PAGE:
Section 702: The Warrantless Surveillance You Need To Stop Now

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Section 702: The Warrantless Surveillance

Image credits by Electronics Frontier Foundation. Kindly visit them for further information regarding Section 702.

 
Do you think you’re under surveillance by the U.S government?
 
Your suspicions are well founded. Ever since the emergence of irrefutable evidence by infamous whistleblower, Edward Snowden, we’re all becoming more aware of the secret dragnets U.S intelligence agencies utilise to pervasively spy on the Internet – including Americans and foreign users.
 

Background of Section 702

Under the FISA Amendments Act in 2008, the Section 702 authority allows the U.S government to collect and search online communications of Americans WITHOUT a warrant. In retrospect, Section 702 is supposed to only collect foreign intelligence from non-Americans located outside of the United States. As the law is written, the intelligence community cannot use Section 702 to target Americans, who are undeniably protected by the Fourth Amendment’s prohibition on unreasonable searches and seizures. However, the law leaves the intelligence community some room to target foreign intelligence in ways that inherently and intentionally sweep in Americans communications. As a result, the use of Section 702 may actually be illegal and unconstitutional.
 
If the terms “Upstream” and/or “PRISM” (now rebranded as Downstream) doesn’t ring any bells yet, well it should. In these surveillance methods, the intelligence community searches for communications that are to or from “selectors” believed to be linked to foreign intelligence targets.
 

What Is Upstream

Collects communications as they travel over the Internet backbone. For example, the NSA could coerce AT&T to tap into their fiber optic cables and copy all of the data flowing through them. However, because messages are often bundled and most of them are communicated simultaneously, incidental collection of domestic U.S data is quite common.
 

What Is PRISM/Downstream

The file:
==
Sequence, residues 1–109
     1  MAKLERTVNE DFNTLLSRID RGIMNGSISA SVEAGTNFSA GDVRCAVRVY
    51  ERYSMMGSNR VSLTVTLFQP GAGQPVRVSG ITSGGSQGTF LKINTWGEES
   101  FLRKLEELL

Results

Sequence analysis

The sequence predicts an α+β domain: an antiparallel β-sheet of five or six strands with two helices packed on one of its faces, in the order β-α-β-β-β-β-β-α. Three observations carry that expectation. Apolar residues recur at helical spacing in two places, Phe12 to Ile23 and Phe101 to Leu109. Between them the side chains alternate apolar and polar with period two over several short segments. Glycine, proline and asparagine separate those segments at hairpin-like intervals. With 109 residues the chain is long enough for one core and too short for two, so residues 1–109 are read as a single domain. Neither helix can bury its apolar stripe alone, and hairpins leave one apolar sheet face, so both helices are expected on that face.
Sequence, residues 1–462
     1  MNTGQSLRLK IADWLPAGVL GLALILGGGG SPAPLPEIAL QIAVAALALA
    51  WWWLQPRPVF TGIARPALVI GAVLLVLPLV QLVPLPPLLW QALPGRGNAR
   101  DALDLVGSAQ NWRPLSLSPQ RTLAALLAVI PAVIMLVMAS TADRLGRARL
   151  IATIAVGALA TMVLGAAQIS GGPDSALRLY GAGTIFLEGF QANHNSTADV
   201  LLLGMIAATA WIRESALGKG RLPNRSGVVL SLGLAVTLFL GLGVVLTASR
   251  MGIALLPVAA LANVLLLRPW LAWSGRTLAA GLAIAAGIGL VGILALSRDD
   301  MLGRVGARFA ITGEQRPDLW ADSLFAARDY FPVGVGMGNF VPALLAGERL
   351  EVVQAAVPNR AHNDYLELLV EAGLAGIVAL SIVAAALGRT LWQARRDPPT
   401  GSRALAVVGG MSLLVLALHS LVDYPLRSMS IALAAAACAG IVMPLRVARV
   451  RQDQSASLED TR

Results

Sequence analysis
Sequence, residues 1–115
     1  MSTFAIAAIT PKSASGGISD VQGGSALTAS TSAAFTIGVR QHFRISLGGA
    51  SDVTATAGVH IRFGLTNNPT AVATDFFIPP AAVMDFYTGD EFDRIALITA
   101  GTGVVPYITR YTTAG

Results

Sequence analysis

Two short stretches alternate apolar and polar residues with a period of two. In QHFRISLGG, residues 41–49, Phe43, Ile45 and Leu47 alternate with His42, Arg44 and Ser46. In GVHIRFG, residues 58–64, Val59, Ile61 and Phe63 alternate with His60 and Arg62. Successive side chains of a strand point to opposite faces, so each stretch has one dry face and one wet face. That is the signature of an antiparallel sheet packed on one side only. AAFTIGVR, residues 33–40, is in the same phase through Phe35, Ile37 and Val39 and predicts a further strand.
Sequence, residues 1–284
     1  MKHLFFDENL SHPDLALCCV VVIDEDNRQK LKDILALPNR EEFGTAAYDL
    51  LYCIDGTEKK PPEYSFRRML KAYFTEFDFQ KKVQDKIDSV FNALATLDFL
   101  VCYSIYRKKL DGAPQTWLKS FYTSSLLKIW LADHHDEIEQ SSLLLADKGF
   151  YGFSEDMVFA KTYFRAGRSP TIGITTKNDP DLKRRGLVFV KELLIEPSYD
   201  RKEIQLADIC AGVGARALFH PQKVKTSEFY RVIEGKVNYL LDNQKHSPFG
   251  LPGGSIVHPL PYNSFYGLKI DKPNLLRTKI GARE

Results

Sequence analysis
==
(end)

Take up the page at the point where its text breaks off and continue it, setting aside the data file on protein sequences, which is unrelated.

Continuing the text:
Collects communications from the servers of major Internet service companies like Google, Facebook, Yahoo, Microsoft and Apple. Which means that a U.S intelligence agency could go directly to these companies and force them to turn over communications to and from identified selectors. The companies are then prohibited from telling their users that their data has been turned over to the government.
 
Read more about Upstream and Downstream on the EFF’s blog.
 

“Rather than look for a single needle in the haystack, his approach was, let’s collect the whole haystack,” said one former senior U.S intelligence official who tracked the plan’s implementation. “Collect it all, tag it, store it. . . . And whatever it is you want, you go searching for it.”EFF.org

 
At the moment, Section 702 has to be renewed by Congress every few years and the last that happened was in 2012. It is set to expire again at the end of 2017, but the Trump administration wants Congress to make the law permanent. If Congress doesn’t pass a bill to reauthorise Section 702, the surveillance programs under the law will have to be shut down.
 
Here at My Private Network, we strongly oppose those efforts and call on Congress to significantly reform the law OR allow it to sunset.
 

How Did We Get To Section 702?

The brief history of the enablers leading up to Section 702:
 
1974 – Articles of impeachment indicting President Nixon for illegal wiretapping, misuse of the CIA, perjury, bribery, obstruction of justice, and other abuses of executive power.

1975 – Lead by Senator Frank Church, the “Church Committee” investigate intelligence gathering by the CIA and FBI, uncovering hundreds of instances of warrantless wiretapping and unauthorised electronic surveillance.

1978 – President Carter passes the Foreign Intelligence Surveillance Act (FISA).

2001 – After the 9/11 attack, the Patriot Act is passed.

2003 – The Homeland Security Act introduced by Congress in November of 2002 creates the Department of Homeland Security.

2006 – The Patriot Act is renewed by President Bush.

2008 – President Bush signs the FISA Amendments Act which grants immunity for telecom companies for cooperation with authorities and with it, comes the introduction of Section 702.

2011 – President Obama signs a four-year extension of three key provisions of the Patriot Act: roving wiretaps, searches of business records, and conducting surveillance of “lone wolves”.

2015 – The Senate passes the USA FREEDOM Act which intends to end the NSA’s bulk collection of telecommunication metadata of millions of Americans.

2017 – Section 702 of the FISA Amendments Act is due to expire at the end of 2017.
 

How Can I Help?

The best way you can help would be to pressure Congress for action. Call up your representative now and tell them to protect your Fourth Amendment rights and oppose the reauthorisation of Section 702.
 
The EFF has created an easy email form with a pre-loaded message that you can quickly use to send your representatives an email. Visit them at the link below to submit your email now!
 
Pull the Plug on Internet Spying Programs – Email your representatives now! courtesy of the EFF.
 
Last but not least, help us get the word out and bring more awareness to the issue by sharing this with your friends and family!
 

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